Attempting to reduce portfolio risk prior to a market correction is extremely tough, yet it pales in comparison to adding risk back into a portfolio (i.e., buying back in) during the correction. Much like a pilot flying in zero visibility, you must focus on your instrument panel and trust they provide the right information. Our analytic framework aims to do just that and helps to limit the emotional drag that hits all of us during periods of immense uncertainty.
In addition to our focus on dynamic asset allocation as a strategy for managing market turbulence, our philosophy is deeply rooted in cost reduction, a key component to investors’ long-term returns. The main cost drivers in this context encompass both the direct expenses associated with the investment vehicles used in portfolios and the indirect costs arising from the performance drag typically encountered by asset managers attempting to outperform benchmarks through individual stock selection.
We employ exchange-traded funds (ETFs) as investment instruments to address these cost concerns. ETFs enable us to manage expenses effectively while gaining the necessary investment exposures within our strategies. When we initially adopted this approach ten years ago, we noted that ETFs were approximately 25% of the cost of the average active mutual fund. Interestingly, despite a drop in fund costs over time, we’ve observed that the cost differential between mutual funds and ETFs has remained relatively stable. Furthermore, our argument regarding the underperformance of active managers still holds weight, as the vast majority of mutual fund managers continue to trail their benchmark indices (source: Morningstar).
The last decade has seen continued innovation within the investment world, and we continue to assess if better options exist for our clients. To date, we see most of the innovation focused on active managers justifying their high fees rather than improving client outcomes. We will stick with the same process that we instituted at our start.
We aim for our investors to understand that our philosophy and process are rooted in a deeply analytical foundation with a strong dose of humility. To illustrate our analytical approach, we often refer to Warren Buffett’s quote: “We aim to be fearful when others are greedy and greedy when others are fearful.” Additionally, we emphasize that investing is a marathon, not a sprint, where our goal is to be approximately right rather than precisely wrong. Over the past decade, this blend of analytical rigor and humility has proven advantageous for our clients, and we remain confident it will continue to serve them well over the next decade.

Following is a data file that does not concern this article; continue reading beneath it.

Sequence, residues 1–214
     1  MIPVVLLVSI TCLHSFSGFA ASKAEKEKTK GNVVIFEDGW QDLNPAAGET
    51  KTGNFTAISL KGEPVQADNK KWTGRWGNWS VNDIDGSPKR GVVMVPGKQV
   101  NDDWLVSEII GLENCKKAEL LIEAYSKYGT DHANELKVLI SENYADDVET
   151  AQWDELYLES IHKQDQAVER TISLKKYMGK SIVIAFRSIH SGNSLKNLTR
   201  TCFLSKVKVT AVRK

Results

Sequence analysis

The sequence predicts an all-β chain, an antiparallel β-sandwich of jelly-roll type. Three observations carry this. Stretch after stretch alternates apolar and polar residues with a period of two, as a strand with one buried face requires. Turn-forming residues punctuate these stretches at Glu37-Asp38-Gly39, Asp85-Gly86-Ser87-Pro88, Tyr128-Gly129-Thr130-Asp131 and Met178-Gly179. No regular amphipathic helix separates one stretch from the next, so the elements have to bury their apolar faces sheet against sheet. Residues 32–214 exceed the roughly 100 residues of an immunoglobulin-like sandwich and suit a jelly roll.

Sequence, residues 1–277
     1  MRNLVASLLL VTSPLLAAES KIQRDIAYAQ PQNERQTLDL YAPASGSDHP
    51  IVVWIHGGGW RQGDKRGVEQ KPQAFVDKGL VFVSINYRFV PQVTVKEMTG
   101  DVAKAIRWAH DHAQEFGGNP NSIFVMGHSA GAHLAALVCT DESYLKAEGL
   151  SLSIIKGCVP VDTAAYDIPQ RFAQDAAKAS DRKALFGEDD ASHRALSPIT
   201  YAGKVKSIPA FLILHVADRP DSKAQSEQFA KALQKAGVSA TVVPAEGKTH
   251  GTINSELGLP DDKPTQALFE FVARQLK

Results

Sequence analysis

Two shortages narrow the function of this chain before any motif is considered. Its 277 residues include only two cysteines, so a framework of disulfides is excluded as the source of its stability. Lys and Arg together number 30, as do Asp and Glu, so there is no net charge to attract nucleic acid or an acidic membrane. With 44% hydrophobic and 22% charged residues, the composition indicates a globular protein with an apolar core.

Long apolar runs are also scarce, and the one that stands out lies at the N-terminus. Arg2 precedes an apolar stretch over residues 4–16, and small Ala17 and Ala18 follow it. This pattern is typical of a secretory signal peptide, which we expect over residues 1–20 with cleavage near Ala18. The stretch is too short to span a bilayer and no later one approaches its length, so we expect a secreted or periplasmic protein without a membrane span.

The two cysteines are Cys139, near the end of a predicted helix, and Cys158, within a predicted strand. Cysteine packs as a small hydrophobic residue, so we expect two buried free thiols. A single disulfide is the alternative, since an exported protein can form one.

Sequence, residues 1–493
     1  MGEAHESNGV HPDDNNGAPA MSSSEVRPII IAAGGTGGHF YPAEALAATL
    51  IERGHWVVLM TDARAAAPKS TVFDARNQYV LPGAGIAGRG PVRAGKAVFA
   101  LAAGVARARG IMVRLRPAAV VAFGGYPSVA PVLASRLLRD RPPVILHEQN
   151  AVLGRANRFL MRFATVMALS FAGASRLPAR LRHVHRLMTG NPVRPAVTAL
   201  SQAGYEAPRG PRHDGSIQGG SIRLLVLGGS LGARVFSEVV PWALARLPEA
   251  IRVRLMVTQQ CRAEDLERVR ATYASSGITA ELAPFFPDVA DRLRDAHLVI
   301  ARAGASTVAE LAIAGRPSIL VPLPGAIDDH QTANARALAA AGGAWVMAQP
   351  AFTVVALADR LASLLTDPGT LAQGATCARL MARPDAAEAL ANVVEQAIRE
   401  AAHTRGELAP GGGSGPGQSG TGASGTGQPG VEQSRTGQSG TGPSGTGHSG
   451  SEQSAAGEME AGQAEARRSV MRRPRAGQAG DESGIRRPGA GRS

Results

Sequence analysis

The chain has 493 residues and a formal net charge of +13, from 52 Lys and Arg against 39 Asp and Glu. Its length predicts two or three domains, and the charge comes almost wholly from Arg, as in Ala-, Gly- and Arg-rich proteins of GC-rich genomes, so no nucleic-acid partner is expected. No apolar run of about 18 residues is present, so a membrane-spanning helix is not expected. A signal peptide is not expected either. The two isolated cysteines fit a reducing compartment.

This report is for informational purposes only and does not constitute a solicitation or an offer to buy or sell any securities mentioned herein. This material has been prepared or is distributed solely for informational purposes only and is not a solicitation or an offer to buy any security or instrument or to participate in any trading strategy. All of the recommendations and assumptions included in this presentation are based upon current market conditions as of the date of this presentation and are subject to change. Past performance is no guarantee of future results. All investments involve risk including the loss of principal.
All material presented is compiled from sources believed to be reliable, but accuracy cannot be guaranteed. Information contained in this report has been obtained from sources believed to be reliable, Auour Investments LLC makes no representation as to its accuracy or completeness, except with respect to the Disclosure Section of the report. Any opinions expressed herein reflect our judgment as of the date of the materials and are subject to change without notice. The securities discussed in this report may not be suitable for all investors and are not intended as recommendations of particular securities, financial instruments or strategies to particular clients. Investors must make their own investment decisions based on their financial situations and investment objectives.